If true, it's a real shame. This is a hugely enjoyable and inventive rock album that weaves together a broad range of styles and influences. It's certainly on the heavier side of rock music and regularly edges towards classic metal forerunners from the early 1970s, but then it also regularly throws in surprising elements including reggae and psychedelic rock. It throws all of these elements in together, sort of roughly blends them, and winds up with a distinctive tone of its own.
The album begins with a slow, sort of spiritual lead-in titled "Mercilessly Sets the Sun, Confidently Comes the New Day.
Crashing garage sounds lead into a slower, old-school heavy rock number: "Cozy Tender Loving Den". Can hear a lot of riffs reminiscent of Led Zeppelin, Black Sabbath and the like. Fairly rough production values, but at almost seven minutes it is wonderfully epic.
Much faster tone in the third track, "Doit", which introduces elements of punk and heavy metal. "A Dream in a Dream in a Dream" feels like there is a tiny bit of surf rock influencing the first minute or so, but then it suddenly gets much heavier. At more than eight minutes in length it's the album's longest track, and it encompasses quite a progression in tone and style as it goes. The next track, by contrast, is much faster and is over and done within 30 seconds - it's an odd bit of filler without any real justification to be there at all.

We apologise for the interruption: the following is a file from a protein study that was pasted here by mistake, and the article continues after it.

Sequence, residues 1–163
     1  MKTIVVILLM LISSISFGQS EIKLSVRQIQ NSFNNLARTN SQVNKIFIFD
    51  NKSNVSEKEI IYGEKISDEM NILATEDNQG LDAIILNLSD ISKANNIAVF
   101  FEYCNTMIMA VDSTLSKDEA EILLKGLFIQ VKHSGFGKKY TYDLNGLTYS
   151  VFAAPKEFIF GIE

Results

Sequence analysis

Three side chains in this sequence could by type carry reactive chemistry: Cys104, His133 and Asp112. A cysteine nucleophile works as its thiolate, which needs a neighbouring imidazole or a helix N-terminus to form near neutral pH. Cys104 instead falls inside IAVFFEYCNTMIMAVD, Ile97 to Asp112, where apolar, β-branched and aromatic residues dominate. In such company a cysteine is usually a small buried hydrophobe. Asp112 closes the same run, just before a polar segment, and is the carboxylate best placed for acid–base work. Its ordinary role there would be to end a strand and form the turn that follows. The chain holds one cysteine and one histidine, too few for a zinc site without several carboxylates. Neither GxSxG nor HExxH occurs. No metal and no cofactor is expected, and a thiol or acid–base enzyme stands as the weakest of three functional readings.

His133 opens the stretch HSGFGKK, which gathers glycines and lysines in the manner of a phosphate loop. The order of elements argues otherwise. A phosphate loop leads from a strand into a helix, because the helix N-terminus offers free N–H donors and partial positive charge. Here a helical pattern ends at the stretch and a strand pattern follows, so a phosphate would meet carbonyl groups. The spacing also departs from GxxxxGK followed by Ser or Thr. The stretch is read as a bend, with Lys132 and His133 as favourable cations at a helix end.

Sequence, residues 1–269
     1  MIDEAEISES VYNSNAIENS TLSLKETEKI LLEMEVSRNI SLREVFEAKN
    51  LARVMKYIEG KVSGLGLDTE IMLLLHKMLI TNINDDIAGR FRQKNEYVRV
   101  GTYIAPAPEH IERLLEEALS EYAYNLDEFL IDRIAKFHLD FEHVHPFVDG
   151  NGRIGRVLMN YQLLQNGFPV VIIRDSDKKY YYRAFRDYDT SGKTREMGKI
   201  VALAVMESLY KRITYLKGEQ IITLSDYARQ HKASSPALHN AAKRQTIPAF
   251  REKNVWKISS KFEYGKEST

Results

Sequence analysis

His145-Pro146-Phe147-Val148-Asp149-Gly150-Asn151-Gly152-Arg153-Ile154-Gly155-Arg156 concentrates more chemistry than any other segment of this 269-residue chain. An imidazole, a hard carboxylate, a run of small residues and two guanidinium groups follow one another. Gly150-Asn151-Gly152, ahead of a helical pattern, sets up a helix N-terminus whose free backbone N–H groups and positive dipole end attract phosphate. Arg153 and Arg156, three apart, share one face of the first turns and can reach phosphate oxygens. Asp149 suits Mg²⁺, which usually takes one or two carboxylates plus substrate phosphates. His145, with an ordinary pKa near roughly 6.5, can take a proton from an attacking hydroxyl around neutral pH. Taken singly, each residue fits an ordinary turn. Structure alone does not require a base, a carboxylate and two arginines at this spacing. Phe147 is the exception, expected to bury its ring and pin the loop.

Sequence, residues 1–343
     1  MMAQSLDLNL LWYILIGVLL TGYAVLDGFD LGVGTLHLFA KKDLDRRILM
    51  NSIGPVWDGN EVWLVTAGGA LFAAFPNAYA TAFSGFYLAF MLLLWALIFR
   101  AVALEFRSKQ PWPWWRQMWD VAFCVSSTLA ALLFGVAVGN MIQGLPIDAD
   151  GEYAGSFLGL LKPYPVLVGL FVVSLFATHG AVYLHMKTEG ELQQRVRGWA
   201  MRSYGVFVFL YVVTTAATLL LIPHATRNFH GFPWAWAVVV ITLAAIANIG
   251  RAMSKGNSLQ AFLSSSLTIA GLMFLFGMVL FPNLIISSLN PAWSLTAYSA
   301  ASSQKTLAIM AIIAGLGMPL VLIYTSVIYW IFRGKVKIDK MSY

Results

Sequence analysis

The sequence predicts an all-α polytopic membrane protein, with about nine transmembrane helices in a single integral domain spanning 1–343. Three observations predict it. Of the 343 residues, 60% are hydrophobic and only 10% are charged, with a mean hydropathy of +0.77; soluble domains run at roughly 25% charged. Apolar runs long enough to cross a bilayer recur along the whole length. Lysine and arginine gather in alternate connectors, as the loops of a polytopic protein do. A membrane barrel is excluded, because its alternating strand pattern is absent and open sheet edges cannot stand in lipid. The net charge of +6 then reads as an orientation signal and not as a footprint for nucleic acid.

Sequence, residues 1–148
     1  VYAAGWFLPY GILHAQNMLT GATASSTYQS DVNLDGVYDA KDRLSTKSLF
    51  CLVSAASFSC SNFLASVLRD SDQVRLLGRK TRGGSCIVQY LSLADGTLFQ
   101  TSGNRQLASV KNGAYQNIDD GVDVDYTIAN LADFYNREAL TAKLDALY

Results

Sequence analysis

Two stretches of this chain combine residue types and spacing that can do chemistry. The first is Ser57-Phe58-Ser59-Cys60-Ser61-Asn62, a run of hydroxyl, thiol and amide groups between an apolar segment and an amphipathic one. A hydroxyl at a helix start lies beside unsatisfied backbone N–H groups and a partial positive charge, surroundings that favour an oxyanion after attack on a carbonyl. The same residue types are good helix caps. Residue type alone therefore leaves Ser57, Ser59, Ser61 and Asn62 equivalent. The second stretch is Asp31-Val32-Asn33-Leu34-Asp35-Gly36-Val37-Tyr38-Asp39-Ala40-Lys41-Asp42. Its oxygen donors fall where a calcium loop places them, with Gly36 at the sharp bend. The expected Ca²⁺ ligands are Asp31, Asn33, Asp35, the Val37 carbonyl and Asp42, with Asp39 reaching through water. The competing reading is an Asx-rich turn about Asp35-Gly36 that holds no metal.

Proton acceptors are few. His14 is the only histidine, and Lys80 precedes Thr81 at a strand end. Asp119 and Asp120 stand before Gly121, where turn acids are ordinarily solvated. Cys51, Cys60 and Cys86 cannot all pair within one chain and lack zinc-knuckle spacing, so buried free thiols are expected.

There's an unexpected burst of reggae thrown into the title track, a song that feels distinctly different to the rest of the album before it. It's actually a little bit jarring, to be honest, but does showcase a whole different side to the band. That's followed up by another change, as Sleaze turn to full-strength punk-rock. There's a lot of energy, but at the same time not a huge amount to make the song stand out. With "Delusional Gain Fictional Loss" the style flips back, feeling particularly like a lost Black Sabbath number in its early stages. That old-fashioned mixture of early metal and psychedelic rock flows on to the ninth track, which to be honest felt a little underwhelming. Things pick up marvellously in the tenth, however, which is another punk song - in this case a much stronger one. I apologise for not providing titles for some of these songs, which are listed on the sleeve in Chinese.
The album comes to a close with "Such a Tragedy Does Not Repeat Itself Before You Die". It's a great finale packed with energy and power. Sleaze are a great band, showcasing a nice heavy rock style with the Chinese lyrics giving them a comparatively unique edge when compared to the American and British bands that seem to have informed their sound. It's a deep shame that this appears to be all that we are ever going to get.
Average Score: 3.2